*[funny story there, since I do that Ditko weblog thing, I got some interesting e-mails around the time the anonymous donation of the AF15 art was made, from people confident they knew who the anonymous donor was.  It would have been more helpful if they didn't give three different names.  And oddly none of them gave the right name. Irving J. Forbush]

So it doesn't look like either DC or Marvel were careful custodians of the work while it was in their possession, but they did eventually, if not always easily, return what they managed not to lose, or destroy, or allow to be stolen.

But that's all well documented, if shadowy.  What I get curious about is all the other artwork that's out there.

For example, from an interview with Bernie Wrightson I gather that Warren actually began returning originals of new work a few years before DC and Marvel (presumably the pressure from publishers like Warren acting first moved DC and Marvel to make the change).  On the other hand, regarding the earlier 1960s work, I recall once hearing a story about how that work was still on-hand in the 1980s, and one of the editors started to return it to the original artists and was stopped.  Not sure if that was really the case, but there does seem to be quite a bit of it on the open market, again including work from Ditko which probably wouldn't be the case if it was returned to him.

And the EC case is kind of interesting.  I can't find any reference to it on-line, but I recall some mention in those pre-internet days that Gaines did keep virtually all of the artwork for the EC books for a long time (along with high quality file copies of the actual comics and quality stats for reprinting the work), but eventually he (or his estate, I'm not sure when this happened, but I think it was before he passed away) decided to sell off the originals instead of returning it to the artists. Can anyone verify if that was the case, or anywhere where it might have been reported? And I know I heard somewhere that at least as of a few years ago MAD MAGAZINE still kept the original art (but paid really well), is that still the case?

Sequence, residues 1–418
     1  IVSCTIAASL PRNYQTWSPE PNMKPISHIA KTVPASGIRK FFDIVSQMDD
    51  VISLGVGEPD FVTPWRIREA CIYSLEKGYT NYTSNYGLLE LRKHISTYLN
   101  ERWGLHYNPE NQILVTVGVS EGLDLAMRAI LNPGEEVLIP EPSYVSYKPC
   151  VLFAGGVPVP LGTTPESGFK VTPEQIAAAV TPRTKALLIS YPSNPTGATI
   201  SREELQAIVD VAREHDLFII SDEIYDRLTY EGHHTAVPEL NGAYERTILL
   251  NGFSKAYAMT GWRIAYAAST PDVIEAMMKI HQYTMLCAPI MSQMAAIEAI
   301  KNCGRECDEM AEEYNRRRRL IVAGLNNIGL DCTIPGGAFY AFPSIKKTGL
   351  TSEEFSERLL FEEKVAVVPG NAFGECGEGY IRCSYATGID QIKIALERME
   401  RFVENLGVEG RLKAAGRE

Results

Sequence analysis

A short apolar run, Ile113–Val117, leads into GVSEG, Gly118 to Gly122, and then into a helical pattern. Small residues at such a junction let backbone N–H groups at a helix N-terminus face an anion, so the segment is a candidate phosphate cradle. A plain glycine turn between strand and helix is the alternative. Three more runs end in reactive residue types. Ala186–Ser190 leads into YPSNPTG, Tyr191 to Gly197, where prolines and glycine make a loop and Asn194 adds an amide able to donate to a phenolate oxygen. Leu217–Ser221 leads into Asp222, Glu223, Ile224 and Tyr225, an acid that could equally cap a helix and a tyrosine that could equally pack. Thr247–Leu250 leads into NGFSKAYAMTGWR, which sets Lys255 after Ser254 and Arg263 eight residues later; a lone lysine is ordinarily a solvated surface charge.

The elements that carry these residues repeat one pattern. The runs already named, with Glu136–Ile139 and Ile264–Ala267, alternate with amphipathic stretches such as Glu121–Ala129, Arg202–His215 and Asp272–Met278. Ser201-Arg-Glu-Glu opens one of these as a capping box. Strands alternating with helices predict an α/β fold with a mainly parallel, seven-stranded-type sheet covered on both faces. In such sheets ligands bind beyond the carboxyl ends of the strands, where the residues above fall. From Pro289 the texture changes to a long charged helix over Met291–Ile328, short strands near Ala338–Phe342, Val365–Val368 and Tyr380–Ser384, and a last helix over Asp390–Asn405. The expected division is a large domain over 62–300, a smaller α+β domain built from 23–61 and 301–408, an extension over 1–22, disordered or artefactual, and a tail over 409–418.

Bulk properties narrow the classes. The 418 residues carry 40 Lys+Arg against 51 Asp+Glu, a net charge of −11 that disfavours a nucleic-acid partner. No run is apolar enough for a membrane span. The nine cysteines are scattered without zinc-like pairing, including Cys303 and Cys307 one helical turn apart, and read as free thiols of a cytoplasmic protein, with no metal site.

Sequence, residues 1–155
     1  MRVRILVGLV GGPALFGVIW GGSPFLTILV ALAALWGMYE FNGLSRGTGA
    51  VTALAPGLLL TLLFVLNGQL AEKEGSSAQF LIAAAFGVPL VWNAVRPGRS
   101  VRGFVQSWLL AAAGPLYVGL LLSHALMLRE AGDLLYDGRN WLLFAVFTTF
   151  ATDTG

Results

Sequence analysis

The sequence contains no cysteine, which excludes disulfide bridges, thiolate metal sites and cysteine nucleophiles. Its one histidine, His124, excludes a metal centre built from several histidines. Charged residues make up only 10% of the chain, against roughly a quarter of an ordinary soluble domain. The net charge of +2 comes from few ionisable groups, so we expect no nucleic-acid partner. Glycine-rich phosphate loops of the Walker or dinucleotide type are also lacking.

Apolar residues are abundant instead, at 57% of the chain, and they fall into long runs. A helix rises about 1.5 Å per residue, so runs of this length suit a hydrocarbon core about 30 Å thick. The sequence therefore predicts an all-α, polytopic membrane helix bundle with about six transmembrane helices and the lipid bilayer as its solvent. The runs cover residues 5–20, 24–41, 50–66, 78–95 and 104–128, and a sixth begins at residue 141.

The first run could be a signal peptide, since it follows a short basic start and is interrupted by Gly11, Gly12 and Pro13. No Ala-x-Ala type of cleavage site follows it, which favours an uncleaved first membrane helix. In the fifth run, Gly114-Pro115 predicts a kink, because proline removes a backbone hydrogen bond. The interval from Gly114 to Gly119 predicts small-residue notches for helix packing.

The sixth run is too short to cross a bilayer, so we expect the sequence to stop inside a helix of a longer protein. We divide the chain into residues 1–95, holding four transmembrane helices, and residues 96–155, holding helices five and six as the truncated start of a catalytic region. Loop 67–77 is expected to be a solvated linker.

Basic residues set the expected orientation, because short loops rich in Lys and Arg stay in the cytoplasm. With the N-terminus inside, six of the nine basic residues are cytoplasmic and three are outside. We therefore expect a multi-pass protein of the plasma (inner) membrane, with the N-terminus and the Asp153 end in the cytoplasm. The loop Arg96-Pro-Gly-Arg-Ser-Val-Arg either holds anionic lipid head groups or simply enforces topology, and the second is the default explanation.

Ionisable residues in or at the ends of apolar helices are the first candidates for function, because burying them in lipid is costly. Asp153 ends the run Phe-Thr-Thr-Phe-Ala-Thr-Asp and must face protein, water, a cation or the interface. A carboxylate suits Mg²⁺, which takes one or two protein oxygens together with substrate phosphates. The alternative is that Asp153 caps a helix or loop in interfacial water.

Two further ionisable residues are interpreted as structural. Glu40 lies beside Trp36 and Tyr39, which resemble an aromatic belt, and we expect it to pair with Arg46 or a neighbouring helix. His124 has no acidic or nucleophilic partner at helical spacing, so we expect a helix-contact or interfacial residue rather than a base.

Hm, what else is out there... quite a bit of work from Charlton shows up on the market, including Ditko stuff.  Not sure how it got out there.  Charlton mostly got out of the business of new comics around the time art returns were becoming common.  Interestingly, there's evidence that at least some pages of Charlton art from as early as 1958 managed to find its way back home to Ditko somehow.  Well, at least one battle-scarred page...

And Disney being Disney, as always makes its own rules.  Do any Disney comic book artists ever get their originals back, no matter which publisher is actually licensing the characters? I'm pretty sure Don Rosa didn't, even working for the European publishers, and certainly it seems that the few Rosa pieces you see on the market are preliminary or unused pages, not the final art.  And there are only a few Carl Barks pieces on the market, I wonder if all of the work from that era were destroyed or are sitting in a warehouse or a private collection somewhere?

Well, obviously it's a vast and complicated subject, something a lot of people involved in don't like to talk about openly, as it involves acts that range from morally questionable to major felonies.

4 comments:

  1. Damn good article - and yes, the art from Marvel and DC wasn't 'liberated', it was bloody well stolen. Time to call a spade a shovel. I say.

    With the issues of Swamp Thing. I know an artist who lifted those pages and handed them back to the original artist at a function. He took the pages because they were about to be destroyed, but upon handing them over he was roundly berated for 'stealing' the pages (although he handed them over a few days later) by the original artist in question, so he never did it again. Thus some of the art was destroyed. Can't save people from themselves.

    With Archie, I know that some artists have gotten their work back recently.

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  2. Yeah, apparently there are changes afoot at Archie, as the latest Goldwater in charge just announced that there would be credits in the digest reprints from now on, apparently only finding out recently that they didn't include credits before. So the art return thing might be a recent development as well.

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  3. Oh, and the Swamp Thing art theft I referred to was in the 1980s, and the work is still missing. The story you're thinking of would be back in the 1970s, the Wrightson series.

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  4. That clears that one up then.